After a solid start to the year boosted by the acquisition of the Stollwerck group, Swiss chocolate producer Barry Callebaut has continued to improve in the second quarter of the year.
The company has reported a 44 per cent increase in sales for the six months to 28 February to SF1.9 billion (€1.3bn), which helped push up operating profit (EBIT) by 25 per cent SF130.4 million. Net profits for the half were ahead 13 per cent to SF75.9 million.
But the strength of the Swiss franc continued to play an important role during the first half, reducing both sales and profits. In local currency terms, operating profits were ahead 31 per cent, while net profit rose 20 per cent and sales increased 52 per cent.
These good results have been achieved in stagnating and in some regions even contracting chocolate markets. Market shares for Barry Callebaut in the segment of chocolate for industrial customers as well as for artisanal users were further enhanced.Overall sales volumes increased by 17 per cent to 480,497 tons from 411,826 tons in the prior-year period, despite a 10 per cent planned reduction in sales of cocoa to third-party customers.
Sales volumes from the food manufacturers business unit, which supplies chocolate and compounds to industrial customers, grew 4 per cent to 270,312 tons thanks to the successful launch of new chocolates and compounds in all its major markets. In value terms, the division's sales reached SF826.6 million, a 12 per cent rise.
Growth from the gourmet & specialties business unit, which serves professional users such as chocolate makers, pastry chefs, hotels and restaurants, was 3 per cent in volume terms (to 55,605 tons) and 8 per cent in value (to SF249.7 million). This increase was largely the result of the unit's focus on high-margin products, the introduction of a single pricing policy for all distributors serving NAFTA countries and the enhanced quality of vending mix products, allowing for higher selling prices.
In line with Barry Callebaut's intention to grow this business unit's share of total sales, the company recently acquired Dutch-Belgian chocolate company Luijckx, which specialises in manufacturing and trading high-quality chocolate products and decorations.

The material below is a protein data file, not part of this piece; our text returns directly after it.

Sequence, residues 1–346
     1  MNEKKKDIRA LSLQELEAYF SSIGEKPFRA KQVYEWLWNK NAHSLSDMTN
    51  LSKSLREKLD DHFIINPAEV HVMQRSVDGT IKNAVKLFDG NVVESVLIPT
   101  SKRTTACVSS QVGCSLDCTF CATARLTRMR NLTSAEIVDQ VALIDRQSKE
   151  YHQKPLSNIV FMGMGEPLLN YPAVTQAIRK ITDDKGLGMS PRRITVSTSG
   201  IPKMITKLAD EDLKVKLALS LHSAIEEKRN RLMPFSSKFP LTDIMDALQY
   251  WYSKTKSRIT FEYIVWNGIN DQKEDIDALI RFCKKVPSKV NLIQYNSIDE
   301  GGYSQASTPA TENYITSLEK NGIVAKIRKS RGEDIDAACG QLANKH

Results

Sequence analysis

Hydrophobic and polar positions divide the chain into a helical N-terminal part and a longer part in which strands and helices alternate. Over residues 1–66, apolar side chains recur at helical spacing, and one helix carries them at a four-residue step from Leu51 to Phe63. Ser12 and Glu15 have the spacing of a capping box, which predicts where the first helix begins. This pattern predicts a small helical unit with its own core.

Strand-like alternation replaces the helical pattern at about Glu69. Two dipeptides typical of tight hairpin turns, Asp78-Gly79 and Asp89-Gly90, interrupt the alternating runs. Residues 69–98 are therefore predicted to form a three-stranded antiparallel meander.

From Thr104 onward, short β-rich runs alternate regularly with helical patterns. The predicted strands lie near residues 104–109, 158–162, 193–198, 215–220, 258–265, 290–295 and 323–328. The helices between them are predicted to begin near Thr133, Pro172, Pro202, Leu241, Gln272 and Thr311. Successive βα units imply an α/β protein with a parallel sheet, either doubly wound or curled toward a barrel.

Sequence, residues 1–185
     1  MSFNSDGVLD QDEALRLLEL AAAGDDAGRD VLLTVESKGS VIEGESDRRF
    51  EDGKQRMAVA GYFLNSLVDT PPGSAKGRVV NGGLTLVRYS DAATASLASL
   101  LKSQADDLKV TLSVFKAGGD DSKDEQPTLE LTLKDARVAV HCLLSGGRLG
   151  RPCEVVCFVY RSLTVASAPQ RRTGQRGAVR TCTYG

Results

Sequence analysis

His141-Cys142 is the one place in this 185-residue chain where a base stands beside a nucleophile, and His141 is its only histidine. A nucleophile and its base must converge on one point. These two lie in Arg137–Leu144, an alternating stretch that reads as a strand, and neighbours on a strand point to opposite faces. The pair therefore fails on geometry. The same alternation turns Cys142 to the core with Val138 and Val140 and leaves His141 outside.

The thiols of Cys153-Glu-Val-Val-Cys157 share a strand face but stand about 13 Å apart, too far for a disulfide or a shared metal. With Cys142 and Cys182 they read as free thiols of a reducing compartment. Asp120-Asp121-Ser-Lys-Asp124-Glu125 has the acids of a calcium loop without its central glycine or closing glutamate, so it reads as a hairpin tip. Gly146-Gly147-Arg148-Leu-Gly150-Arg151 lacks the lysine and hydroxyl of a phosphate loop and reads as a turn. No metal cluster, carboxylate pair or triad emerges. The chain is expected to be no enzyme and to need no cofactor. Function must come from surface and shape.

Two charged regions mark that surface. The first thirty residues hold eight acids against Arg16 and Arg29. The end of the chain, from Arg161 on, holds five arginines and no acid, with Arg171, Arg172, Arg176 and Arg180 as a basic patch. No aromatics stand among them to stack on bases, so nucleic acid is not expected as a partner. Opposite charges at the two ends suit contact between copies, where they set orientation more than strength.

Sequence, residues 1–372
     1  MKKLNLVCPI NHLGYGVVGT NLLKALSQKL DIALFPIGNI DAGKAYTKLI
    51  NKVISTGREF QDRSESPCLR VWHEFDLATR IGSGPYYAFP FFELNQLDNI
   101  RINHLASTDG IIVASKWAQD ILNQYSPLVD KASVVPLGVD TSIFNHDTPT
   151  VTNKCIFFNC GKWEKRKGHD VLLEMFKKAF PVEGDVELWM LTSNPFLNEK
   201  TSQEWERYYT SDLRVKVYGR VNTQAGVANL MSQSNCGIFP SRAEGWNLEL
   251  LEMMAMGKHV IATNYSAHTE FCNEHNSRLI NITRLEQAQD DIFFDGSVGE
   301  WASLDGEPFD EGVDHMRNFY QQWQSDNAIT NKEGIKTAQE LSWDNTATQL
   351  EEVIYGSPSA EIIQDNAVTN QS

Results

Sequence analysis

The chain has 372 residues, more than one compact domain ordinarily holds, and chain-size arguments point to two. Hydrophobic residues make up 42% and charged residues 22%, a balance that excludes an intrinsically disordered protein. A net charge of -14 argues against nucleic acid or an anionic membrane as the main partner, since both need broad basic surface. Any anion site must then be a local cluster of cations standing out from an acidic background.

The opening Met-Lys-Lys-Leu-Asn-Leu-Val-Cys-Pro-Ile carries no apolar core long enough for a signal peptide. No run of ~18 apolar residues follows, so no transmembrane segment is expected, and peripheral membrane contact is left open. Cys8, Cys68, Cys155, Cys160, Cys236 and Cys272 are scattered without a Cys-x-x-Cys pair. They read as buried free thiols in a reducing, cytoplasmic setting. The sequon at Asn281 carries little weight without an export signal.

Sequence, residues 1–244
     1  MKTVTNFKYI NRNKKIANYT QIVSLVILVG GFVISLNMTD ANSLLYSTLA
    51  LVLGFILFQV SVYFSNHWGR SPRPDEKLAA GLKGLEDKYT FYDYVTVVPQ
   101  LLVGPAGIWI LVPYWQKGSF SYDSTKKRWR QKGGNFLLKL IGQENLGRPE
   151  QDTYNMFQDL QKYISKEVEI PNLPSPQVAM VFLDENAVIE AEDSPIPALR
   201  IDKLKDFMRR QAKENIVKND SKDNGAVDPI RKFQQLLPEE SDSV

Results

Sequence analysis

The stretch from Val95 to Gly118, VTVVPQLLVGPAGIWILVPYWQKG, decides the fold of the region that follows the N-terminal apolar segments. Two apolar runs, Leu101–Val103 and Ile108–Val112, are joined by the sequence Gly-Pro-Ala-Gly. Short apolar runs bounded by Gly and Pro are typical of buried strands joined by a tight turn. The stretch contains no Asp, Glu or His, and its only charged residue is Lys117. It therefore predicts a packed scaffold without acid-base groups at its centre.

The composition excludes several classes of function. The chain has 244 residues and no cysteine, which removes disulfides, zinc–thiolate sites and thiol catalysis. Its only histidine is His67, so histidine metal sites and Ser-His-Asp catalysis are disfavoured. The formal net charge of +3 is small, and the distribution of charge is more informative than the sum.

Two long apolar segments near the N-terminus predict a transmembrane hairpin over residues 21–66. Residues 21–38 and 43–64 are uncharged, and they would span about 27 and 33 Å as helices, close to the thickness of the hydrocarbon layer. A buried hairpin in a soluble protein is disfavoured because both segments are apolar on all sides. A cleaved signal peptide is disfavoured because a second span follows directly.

Once again, Stollwerck contributed significantly, with volumes from the consumer products arm up 232 per cent on the previous year to 92,453 tons, due almost entirely to the consolidation of the German company. In value terms, Stollwerck contributed SF415.1 million of the unit's total sales of €536.6 million.
As in the first quarter, sales revenues grew faster than sales volumes due to the increase in average cocoa bean prices in the period, the company said.
Barry Callebaut stressed that it was impossible to estimate likely full year figures from the first half performance, mainly due to the seasonal nature of the business. The peak period for the company is between late August and the end of March, as a result of the Christmas and Easter business, with sales dropping substantially in the spring and summer months. Expenses, however, are spread equally across the fiscal year.
As far as the geographical spread of Barry Callebaut's business is concerned, western Europe accounted for 325,270 tons (or 67 per cent of total volumes), rising 27 per cent on the previous year. Again, Stollwerck was the main reason for the significant increase acquisition.
Sales volumes in Eastern Europe (4 per cent of the total sales volume) grew 4 per cent to 17,822 tons, while in the Americas, volumes were down by 2 per cent as a consequence of reduced cocoa sales. The Americas accounted for 22 per cent of total sales volumes, or 104,568 tons.
Volumes in Asia/Pacific jumped by 14 per cent as the company strengthened its sales team there. This region's share of total volumes amounted to 3 per cent, or 15,297 tons. Volumes in Africa and the Middle East decreased by 2 per cent against the background of the difficult political situation in several countries there. The region contributed 4 per cent or 17,540 tons to total volumes.
Patrick De Maeseneire, chief executive officer of Barry Callebaut, commented: "Despite generally flat or even declining markets and the depressed consumer mood, we were able to enhance our leadership position in chocolate for industrial customers as well as for artisanal users with market shares of 39 per cent and 35 per cent respectively.
"The currently prevailing political and economic uncertainties make forecasts very difficult. Having said this, barring any major unforeseen event, I am confident that we will be able to exceed the SF200 million EBIT threshold for full fiscal year 2002/03."